By Bob Trask – The range of expectations with regard to what Sean Monahan will bring to the Montreal Canadiens is very wide. Some hope to see him rebound to his peak form while others believe he will struggle to make the roster as a regular. The likelihood is that his performance will fall between those two extremes. A lot depends on his health.
Career at a Glance
During his career Sean Monahan averaged almost 18 minutes of ice time per game. In that role he averaged 26.5 goals and 31.3 assists per 82 games. In his best year he put up 82 point in 74 games and in his worst year (last season) he put up 23 points in 65 games. To be fair, he only played 14 minutes per game in the 2021-22 season.
He will probably never repeat the magical 82 point season but he isn’t as bad as the last two injury plagued seasons may indicate.
Role with the Canadiens
The Canadiens may want to be absolutely sure he is healthy and ready to play before inserting him into the lineup. That may include a short stint on the injury list followed by a conditioning assignment in Laval if there are any questions at all.
Assuming that is the case, Monahan could maybe join the club in early to mid-November, missing 9 or 10 games along the way. From that point Martin St-Louis may want to work him slowly into the lineup to see where he best fits into the grand scheme of things. There could also be points during the season where games are missed due to illness or minor injury. It could all add up to another season of about 65 games.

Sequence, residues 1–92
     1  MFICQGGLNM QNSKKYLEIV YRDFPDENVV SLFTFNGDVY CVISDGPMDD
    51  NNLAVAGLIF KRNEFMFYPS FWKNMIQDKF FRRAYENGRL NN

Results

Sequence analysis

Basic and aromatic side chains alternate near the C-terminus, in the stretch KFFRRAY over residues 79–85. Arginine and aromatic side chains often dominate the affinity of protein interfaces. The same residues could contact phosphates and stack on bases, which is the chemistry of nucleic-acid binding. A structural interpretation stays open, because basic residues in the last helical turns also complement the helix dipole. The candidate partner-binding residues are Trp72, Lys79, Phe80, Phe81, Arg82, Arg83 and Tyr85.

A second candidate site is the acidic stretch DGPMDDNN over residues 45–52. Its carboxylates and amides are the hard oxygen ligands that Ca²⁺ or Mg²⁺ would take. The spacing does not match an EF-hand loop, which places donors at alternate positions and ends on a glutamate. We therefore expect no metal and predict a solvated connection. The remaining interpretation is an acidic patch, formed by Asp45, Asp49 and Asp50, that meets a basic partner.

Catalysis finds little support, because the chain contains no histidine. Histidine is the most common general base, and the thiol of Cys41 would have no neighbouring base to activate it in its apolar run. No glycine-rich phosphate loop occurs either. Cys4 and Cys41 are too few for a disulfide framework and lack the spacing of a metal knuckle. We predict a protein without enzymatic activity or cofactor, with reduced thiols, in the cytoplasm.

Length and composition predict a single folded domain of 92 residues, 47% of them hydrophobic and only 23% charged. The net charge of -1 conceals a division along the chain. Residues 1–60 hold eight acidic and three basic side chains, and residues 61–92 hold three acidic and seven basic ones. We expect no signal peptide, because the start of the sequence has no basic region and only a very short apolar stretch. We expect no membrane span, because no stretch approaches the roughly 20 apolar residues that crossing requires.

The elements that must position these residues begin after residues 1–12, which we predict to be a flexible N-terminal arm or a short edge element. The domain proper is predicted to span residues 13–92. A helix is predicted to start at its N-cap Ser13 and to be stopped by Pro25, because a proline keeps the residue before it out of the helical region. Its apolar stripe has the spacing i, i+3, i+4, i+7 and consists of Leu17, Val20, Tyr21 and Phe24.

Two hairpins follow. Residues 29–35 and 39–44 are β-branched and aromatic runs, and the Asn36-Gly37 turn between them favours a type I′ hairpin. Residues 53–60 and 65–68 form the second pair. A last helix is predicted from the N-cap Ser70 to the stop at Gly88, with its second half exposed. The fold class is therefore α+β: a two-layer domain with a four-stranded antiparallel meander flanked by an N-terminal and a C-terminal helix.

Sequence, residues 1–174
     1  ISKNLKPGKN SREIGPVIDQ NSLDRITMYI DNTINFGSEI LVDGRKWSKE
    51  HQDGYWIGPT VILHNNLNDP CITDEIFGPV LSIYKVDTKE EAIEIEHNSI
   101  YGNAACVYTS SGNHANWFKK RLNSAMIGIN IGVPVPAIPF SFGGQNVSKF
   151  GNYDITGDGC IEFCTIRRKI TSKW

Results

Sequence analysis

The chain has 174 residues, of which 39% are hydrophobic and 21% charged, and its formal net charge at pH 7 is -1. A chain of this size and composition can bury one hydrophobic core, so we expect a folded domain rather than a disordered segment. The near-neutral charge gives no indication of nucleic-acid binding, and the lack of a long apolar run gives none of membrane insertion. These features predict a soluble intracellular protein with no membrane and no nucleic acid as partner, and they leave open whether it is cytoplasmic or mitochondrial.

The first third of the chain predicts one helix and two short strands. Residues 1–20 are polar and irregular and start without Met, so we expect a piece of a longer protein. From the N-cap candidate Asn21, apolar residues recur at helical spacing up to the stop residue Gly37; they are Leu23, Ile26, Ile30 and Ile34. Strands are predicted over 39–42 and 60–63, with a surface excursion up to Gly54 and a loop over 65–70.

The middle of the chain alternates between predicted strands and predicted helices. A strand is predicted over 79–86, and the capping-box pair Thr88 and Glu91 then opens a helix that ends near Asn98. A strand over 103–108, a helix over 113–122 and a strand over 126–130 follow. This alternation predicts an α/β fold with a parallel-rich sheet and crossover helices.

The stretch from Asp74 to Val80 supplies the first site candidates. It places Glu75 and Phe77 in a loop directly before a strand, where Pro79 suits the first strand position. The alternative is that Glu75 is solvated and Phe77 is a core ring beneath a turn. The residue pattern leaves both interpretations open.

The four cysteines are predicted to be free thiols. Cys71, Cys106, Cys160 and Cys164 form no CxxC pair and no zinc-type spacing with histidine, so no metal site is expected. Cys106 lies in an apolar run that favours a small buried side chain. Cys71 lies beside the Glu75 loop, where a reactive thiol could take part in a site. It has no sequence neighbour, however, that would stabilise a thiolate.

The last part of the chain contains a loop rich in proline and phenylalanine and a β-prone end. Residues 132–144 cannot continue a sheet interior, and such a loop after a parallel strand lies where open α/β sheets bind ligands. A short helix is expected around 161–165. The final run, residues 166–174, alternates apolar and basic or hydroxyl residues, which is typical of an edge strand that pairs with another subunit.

Because Monahan could have to work his way back into the lineup, big minutes over the course of the season are probably out of the question. But he could easily average 13 minutes or more per game.
Monahan is also in a contract year and will be motivated to show well in order to have some leverage in his next contract negotiations. He may also be motivated to show the league and the Calgary Flames that he still has gas left in the tank.
When you plug all of those number into the equation you might get numbers close to 15 goals and 18 assists over 65 games. That equates to 19 goals and 23 assists over a full 82 games. In his career he has also been slightly over 50% on faceoffs.
No, those aren’t Auston Matthews or even Pierre-Luc Dubois numbers but considering the cost of acquisition, production at those levels would be a bonus.
A more valid comparison might be Phil Danault. Both players are of similar age and have put up similar defensive statistics based on DPS (defensive point share). Where Monahan has outshone Danault, until recently, has been on offense. But a lot of that can be attributed to Monahan’s point totals on the power play – something Danault never really had the opportunity to do. You can see the side by side comparison here.
A solid year could earn Monahan a relatively lucrative multi-year offer for an extension from the Canadiens or it could bring the Canadiens a solid return at the trade deadline. A lot depends on how the season unfolds for the Canadiens and for him. In summary, the Monahan acquisition is a zero risk/high potential reward situation for the Montreal Canadiens.